The Duke study showed that, for a sample of white middle-aged women, as body mass index (BMI) went up, the odds of receiving mammograms and Pap smears went down. BMI is a measurement of body fatness based on weight adjusted for height. In data gathered in 2000, a white woman of normal weight was more than 50 percent more likely to receive a mammogram than a severely obese white woman (BMI greater than 40), the study showed.
The researchers found a similar inverse correlation between obesity and flu shots among elderly white women and men. However, they found no significant association between obesity and all three preventive services among black study participants.
"Despite knowing that obese women have a higher risk of breast and cervical cancer, and the obese elderly have a higher risk of complications from flu, obese people are less likely to receive clinical preventive services," said Truls Ostbye, M.D., Ph.D., lead study author and a professor in Duke's department of community and family medicine.
Based on their analyses, Ostbye and his co-authors found that income, education and access to health care were not important reasons for the discrepancies in care. The researchers suggest that significant causes may include social stigma, avoidance of health care by patients and bias by health care providers.
The results of the Duke study were published in the September 2005 issue of the American Journal of Public Health. The study was funded by the National Institute on Aging and the National Institute of Diabetes and Digestive and Kidney Diseases, both part of the National Institutes of Health.
The Duke team examined data from the Health and Retirement Study (HRS) and its companion, the Asset and Health Dynamics Among the Oldest Old (AHEAD) study. The studies began collecting information in 1993 to determine how retirement impacts the health and wealth of U.S. men and women. The studies are funded by the National Institute of Aging. In the HRS, 12,652 participants aged 50 to 61 in 1992 have been interviewed periodically about their health behaviors, disease, disability and medical care usage. The AHEAD study, which collects similar data, includes 8,124 seniors aged 70 years and older.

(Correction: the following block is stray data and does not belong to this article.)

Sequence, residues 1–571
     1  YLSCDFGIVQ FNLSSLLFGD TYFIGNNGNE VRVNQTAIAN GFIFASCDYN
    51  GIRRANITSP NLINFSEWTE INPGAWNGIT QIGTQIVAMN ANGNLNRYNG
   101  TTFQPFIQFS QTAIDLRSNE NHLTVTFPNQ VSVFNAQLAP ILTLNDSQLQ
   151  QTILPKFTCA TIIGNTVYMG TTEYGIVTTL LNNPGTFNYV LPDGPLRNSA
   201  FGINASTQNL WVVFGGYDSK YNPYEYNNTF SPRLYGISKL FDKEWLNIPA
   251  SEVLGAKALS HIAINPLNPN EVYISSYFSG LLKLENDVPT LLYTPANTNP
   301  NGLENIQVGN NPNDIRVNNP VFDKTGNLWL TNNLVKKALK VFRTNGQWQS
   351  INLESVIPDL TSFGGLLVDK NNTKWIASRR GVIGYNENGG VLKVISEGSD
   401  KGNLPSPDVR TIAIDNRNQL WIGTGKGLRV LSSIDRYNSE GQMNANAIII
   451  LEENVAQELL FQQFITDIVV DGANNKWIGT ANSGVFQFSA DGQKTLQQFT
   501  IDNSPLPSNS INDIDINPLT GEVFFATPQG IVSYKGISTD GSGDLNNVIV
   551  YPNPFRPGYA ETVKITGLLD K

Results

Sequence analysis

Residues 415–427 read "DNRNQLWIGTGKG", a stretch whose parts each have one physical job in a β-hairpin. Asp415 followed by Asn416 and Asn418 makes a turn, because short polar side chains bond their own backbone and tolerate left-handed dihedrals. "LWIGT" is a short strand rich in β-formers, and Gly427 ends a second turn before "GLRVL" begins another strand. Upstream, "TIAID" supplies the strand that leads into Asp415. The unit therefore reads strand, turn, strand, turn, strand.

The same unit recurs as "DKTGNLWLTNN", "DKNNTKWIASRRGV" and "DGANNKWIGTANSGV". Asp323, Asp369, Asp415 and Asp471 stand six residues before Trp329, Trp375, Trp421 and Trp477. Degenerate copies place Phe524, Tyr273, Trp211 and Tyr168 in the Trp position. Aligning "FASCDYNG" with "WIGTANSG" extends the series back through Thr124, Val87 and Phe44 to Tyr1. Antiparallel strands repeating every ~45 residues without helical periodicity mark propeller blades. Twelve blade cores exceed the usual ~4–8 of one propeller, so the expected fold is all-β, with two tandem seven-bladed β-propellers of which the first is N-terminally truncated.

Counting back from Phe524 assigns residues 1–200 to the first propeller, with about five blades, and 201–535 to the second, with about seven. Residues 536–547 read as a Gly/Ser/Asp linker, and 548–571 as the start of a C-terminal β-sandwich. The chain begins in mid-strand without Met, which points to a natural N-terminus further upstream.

Ostbye and his co-authors examined data on mammograms, Pap smears and influenza vaccinations because these preventive services have been shown to be effective in preventing serious illness. The U.S. government has also placed a high priority on these health care services in Healthy People 2010, which identifies the nation's most significant health concerns and formulates action plans to address these concerns. Healthy People 2010's goals include mammograms for 70 percent of middle-aged women every two years and Pap smears for 90 percent of middle-aged women every three years. Also, 80 percent of the elderly should be vaccinated against influenza annually, according to the goals.
The Duke analysis of the data showed that while the overall number of tests provided to study participants increased from 1995/1996 to 2000 - the years included in the study - the disparities between normal weight and obese people remained constant, Ostbye said.
In 2000, more than 78 percent of women with a normal BMI (18.5-24.9) received mammograms. Only 71 percent of women with a BMI above 40, which is "Class III" or severe obesity, received mammograms.
The difference between study participants was greater for Pap smears. In 2000, 73 percent of women with normal weight BMI received Pap smears, compared to less than 54 percent of women with a BMI greater than 40.
The researchers also found a significant decrease in the proportion of study participants who received flu shots as their body mass increased. More than 78 percent of men and women with a normal BMI received flu shots in 2000, compared to only 57 percent of people with a BMI greater than 40 received flu shots, the researchers found.
Co-authors include Donald H. Taylor, Jr., Ph.D., Terry Sanford Institute of Public Policy at Duke University and Duke University Medical Center; William S. Yancy, Jr., M.D., Duke University Medical Center and the Veterans Affairs Medical Center in Durham, N.C.; and Katrina M. Krause, Duke University Medical Center.